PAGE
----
A primary objective of the FSSP training program is to provide the
basic foundations for development of indigenous training capacity in FSR/E within national institutions. While the FSSP is not specifically directed toward institutionalizing training capability, it supports bilateral contracts and other entities that work with national programs in Africa establishing integrated research and extension efforts that utilize a farming systems perspective. The FSSP has followed this approach since its inception. Specific emphasis at this time is being given to three areas: 1) developing materials, 2) enhancing the skills of existing trainers or training new trainers, and 3) delivering short courses to West and Central African FSR/E practitioners. The three areas are linked, and many activities benefit more than just one area of development. The first two are discussed under a following section on program development. The third area is the subject of the remainder of this section.
The FSSP has drawn upon the materials and trainer base in the delivery of a number of training activities in the West and Central African region. Because FSSP did not have the luxury to develop the materials and train trainers before needing to embark on the delivery of some training workshops, the latter have served as a type of testing ground for developing an appropriate strategy for a training program. In fact, the delivery of training was often simultaneous with materials development and training of trainers so that the three were mutually supportive.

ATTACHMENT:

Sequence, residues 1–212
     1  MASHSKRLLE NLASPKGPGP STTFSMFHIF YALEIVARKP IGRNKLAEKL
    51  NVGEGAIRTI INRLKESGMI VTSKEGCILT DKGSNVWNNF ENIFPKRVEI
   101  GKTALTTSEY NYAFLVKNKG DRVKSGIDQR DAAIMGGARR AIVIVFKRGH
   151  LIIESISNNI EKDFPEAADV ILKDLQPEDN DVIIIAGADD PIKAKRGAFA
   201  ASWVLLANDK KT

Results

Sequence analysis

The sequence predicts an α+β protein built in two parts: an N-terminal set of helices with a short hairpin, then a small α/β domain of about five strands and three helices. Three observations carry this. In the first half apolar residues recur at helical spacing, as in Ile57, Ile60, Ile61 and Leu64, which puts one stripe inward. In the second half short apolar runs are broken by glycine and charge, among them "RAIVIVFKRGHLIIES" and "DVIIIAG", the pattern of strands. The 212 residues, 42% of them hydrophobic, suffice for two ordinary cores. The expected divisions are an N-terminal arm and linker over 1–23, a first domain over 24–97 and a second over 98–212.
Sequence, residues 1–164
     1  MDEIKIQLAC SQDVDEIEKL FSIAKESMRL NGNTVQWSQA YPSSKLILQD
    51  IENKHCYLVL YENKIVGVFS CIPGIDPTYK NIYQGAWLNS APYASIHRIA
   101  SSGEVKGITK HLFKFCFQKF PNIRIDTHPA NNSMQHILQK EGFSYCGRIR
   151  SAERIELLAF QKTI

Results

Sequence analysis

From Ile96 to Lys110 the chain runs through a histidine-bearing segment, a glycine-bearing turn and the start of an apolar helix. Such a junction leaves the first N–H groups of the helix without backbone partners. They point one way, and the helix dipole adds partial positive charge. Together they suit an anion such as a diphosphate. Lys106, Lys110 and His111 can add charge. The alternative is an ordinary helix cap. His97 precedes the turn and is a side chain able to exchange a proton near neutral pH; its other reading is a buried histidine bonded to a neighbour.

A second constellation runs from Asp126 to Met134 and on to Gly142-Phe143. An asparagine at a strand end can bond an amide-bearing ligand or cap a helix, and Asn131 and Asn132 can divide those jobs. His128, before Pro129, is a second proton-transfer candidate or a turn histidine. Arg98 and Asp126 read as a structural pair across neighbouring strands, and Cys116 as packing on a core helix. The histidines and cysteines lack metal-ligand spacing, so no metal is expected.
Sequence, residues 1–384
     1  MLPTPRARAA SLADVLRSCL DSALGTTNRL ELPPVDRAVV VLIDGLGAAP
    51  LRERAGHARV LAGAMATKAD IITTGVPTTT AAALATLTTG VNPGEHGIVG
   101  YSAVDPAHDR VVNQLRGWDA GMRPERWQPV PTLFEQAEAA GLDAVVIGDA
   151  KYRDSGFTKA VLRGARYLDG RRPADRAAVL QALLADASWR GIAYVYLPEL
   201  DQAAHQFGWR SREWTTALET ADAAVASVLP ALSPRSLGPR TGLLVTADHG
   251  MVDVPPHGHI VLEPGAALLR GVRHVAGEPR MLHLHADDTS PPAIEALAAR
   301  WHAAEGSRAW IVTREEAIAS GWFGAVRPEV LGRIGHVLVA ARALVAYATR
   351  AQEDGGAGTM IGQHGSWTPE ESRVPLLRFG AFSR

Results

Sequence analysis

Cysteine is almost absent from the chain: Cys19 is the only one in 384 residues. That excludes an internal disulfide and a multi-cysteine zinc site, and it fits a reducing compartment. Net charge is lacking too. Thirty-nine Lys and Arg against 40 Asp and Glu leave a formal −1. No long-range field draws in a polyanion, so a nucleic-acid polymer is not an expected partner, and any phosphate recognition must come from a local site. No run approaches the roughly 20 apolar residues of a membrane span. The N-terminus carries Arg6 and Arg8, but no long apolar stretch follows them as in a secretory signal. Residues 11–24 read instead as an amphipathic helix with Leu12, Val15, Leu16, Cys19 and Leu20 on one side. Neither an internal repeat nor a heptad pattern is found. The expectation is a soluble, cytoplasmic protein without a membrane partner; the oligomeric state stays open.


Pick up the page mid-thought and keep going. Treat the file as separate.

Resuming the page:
Initially, the FSSP was engaged in conducting short (4-7 day) workshops aimed at providing an overview or introduction to the basic concepts,
1986 Annual Report 10

philosophy and skills of FSR/E. These were conducted on a regional basis or among a specific target group within a single country. FSSP then focused on diagnostic skills, and followed by the skills associated with the design and analysis of on-farm research. In 1986 with the completion of the first two volumes of the training units and the completion of several of the case studies, the FSSP had a solid base for delivering a three week course at the regional level. The first of these was conducted in the Gambia in April 1986, in English, for participants from the Anglophone countries or English speakers from the French speaking nations. The training workshop was attended by thirty -one participants representing The Gambia and five other African countries: Sierra Leone, Nigeria, Ghana, Mauritania and Botswana. Resource persons from The Gambia, Senegal, Nigeria, the Philippines, and Latin American provided firsthand case study examples of farming systems research and extension.
The training materials (Volumes I and II plus the Burkina Faso case study) were then translated into French and used in the second regional course held November 1986 in Mali. The regional course conducted in English and French, focused on building the methodological skills necessary to conduct FSR/E within a national program context. The FSSP has drawn considerably upon the CIMMYT experience in East and Southern Africa in the development of a three-week training course.
The Gambia course followed two previous FSSP sponsored training